...I forget that most families don't cook with lard. They've never tasted homemade pie crust or biscuits.

...I forget that walking out your front door to pick cherries, raspberries, gooseberries and apples, from the trees you've planted, is a luxury. It's a special benefit of arranging your life differently than most people choose to do.

raspberries
raspberries

...I forget that fresh garden produce is a choice. It's trading your time, planning, and labor in exchange for a plentiful harvest.

I forget that there's nothing sweeter than homegrown peaches or the sight of baby ducklings chasing after a bug.

I forget that most livestock producers don't believe in the restorative powers of MIG grazing. Instead of planning a grazing program they allow their animals to forage randomly. This creates a barren pasture, soil depleted of nutrients, and not enough organic matter or cover crop to control evaporation. These poor decisions, made by many farmers, are a choice. A choice that negatively impacts water quality, wildlife, and climate.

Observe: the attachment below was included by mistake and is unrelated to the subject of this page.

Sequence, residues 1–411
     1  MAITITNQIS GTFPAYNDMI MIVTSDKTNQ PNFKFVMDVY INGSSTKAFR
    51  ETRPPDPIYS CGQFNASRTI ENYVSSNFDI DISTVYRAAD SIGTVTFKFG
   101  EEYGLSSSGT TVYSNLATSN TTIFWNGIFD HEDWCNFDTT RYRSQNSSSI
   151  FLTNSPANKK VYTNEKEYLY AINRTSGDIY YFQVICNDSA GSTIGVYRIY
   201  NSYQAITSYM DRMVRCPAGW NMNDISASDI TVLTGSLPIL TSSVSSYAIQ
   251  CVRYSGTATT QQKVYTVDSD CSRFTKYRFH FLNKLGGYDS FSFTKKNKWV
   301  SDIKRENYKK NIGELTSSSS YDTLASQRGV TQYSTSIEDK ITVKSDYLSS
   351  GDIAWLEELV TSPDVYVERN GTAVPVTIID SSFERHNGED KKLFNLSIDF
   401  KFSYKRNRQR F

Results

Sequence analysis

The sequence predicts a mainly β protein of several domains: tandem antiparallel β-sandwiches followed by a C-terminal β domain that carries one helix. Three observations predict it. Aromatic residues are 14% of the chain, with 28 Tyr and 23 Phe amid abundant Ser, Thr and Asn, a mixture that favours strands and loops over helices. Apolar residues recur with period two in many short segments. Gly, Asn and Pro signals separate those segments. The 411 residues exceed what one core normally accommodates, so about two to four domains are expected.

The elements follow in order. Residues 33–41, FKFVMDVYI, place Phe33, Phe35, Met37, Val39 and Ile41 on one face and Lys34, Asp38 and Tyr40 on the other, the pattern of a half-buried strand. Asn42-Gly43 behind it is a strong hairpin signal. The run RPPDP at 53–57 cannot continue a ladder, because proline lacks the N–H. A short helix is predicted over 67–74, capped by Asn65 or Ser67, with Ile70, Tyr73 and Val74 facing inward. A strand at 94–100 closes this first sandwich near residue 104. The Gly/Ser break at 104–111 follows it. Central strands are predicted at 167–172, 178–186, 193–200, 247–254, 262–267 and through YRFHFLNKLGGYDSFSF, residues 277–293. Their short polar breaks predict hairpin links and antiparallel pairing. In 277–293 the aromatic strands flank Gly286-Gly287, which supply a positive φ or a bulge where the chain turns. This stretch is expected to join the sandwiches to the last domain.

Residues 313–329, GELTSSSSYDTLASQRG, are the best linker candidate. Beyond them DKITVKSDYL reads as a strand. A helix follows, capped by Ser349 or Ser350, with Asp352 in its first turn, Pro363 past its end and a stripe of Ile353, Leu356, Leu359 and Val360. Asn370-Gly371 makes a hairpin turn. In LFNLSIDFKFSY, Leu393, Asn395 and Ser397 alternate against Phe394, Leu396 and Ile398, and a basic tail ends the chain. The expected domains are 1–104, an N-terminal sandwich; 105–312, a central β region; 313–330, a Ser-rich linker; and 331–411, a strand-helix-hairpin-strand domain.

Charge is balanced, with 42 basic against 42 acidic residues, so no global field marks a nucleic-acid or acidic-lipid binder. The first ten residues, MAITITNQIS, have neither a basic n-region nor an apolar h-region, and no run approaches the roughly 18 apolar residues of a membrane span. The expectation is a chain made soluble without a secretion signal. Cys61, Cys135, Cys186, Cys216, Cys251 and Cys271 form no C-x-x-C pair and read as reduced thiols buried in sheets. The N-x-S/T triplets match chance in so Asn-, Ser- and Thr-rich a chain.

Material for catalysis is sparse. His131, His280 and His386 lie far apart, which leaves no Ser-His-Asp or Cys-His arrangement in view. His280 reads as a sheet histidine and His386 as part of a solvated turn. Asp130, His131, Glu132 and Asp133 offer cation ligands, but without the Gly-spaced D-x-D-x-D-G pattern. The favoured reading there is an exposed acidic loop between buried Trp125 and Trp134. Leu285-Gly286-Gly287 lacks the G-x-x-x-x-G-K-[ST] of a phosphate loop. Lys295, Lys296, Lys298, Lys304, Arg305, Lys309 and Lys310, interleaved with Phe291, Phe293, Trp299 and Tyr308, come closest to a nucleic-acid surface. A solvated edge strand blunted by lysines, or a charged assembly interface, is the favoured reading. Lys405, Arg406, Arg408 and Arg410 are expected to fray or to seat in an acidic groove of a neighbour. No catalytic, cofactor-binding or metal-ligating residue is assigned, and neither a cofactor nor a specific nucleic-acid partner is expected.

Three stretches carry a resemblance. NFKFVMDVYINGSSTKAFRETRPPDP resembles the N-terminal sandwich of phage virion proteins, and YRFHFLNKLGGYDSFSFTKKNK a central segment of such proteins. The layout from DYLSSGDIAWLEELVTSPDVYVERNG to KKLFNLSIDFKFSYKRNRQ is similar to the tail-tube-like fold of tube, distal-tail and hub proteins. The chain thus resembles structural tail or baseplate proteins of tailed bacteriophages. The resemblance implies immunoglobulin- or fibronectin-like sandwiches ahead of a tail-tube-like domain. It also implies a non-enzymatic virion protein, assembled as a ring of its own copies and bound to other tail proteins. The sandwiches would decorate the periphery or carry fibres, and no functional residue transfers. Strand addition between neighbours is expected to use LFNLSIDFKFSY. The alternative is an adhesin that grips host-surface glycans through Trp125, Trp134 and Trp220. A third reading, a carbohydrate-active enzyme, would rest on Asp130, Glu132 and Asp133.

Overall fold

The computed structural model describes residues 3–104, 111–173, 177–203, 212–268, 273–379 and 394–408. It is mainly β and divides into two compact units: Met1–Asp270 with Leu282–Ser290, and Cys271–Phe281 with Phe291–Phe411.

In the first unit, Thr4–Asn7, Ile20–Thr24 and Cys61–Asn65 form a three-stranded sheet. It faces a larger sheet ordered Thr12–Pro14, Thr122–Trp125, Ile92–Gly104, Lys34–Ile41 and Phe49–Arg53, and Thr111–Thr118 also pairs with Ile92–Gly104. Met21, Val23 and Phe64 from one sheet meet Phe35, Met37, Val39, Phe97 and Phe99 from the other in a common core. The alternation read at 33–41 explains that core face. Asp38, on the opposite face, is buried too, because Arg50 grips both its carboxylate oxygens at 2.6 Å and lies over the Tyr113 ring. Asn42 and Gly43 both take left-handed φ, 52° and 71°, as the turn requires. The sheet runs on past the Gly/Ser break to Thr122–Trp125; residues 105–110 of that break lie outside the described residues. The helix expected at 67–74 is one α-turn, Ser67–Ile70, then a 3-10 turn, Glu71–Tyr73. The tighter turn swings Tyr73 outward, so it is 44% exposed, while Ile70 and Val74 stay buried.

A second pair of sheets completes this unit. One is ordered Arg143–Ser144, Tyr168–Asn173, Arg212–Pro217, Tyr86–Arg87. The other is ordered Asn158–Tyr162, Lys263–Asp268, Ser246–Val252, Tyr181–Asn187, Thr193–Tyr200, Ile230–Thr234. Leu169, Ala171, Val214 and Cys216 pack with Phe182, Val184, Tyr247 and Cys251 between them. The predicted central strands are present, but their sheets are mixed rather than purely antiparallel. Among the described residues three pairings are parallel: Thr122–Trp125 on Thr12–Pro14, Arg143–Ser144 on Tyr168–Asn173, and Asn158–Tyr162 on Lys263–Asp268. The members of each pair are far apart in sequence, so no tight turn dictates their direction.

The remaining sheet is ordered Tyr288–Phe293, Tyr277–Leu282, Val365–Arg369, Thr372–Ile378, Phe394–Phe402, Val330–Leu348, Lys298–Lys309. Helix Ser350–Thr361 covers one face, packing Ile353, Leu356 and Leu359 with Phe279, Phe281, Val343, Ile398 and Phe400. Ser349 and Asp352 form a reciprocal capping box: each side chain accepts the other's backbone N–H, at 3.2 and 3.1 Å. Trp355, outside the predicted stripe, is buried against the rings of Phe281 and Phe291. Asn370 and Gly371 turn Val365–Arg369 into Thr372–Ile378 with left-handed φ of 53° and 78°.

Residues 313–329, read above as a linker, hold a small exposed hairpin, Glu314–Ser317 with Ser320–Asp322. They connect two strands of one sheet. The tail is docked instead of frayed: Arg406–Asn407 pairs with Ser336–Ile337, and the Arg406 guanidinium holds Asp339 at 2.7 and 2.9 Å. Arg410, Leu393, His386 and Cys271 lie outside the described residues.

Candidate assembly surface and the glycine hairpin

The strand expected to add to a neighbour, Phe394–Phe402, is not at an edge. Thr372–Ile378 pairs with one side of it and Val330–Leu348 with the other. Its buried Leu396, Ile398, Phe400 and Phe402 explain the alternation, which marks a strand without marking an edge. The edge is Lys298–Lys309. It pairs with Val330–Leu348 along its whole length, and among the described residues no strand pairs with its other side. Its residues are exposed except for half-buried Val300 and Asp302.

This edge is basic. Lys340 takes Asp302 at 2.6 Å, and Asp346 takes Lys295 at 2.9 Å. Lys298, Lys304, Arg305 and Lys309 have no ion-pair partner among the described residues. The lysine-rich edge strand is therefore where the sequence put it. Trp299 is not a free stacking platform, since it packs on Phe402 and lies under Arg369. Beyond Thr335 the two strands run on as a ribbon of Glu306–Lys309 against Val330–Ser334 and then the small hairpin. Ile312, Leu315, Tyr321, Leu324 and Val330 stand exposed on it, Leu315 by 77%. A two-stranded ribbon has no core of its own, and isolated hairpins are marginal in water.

There have been several visitors to the farm recently who've enjoyed the beautiful views and learning about grass based farming. Many of them recall memories of their grandparents farms which were like ours in many ways.

Their grandparents had pigs in the pasture and chickens pecking in the yard. Small orchards provided fruit and cider. Large gardens fed the family and everyone worked together. Picnic tables were sheltered under shade trees where cool breezes relieved the heat of the day.

Sometimes I take for granted that each day is my own. I'm greeted by beautiful surroundings with the people I love and the life we've chosen. Our farming practices are intentionally organic.

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DSCN2304

Good morning, piglets! The first of our sows farrowed Sunday morning. 10 healthy piglets were enjoying breakfast when I went to the barn. They'll stay inside for 8 - 10 days until they're big and mobile enough that eagles won't prey on them.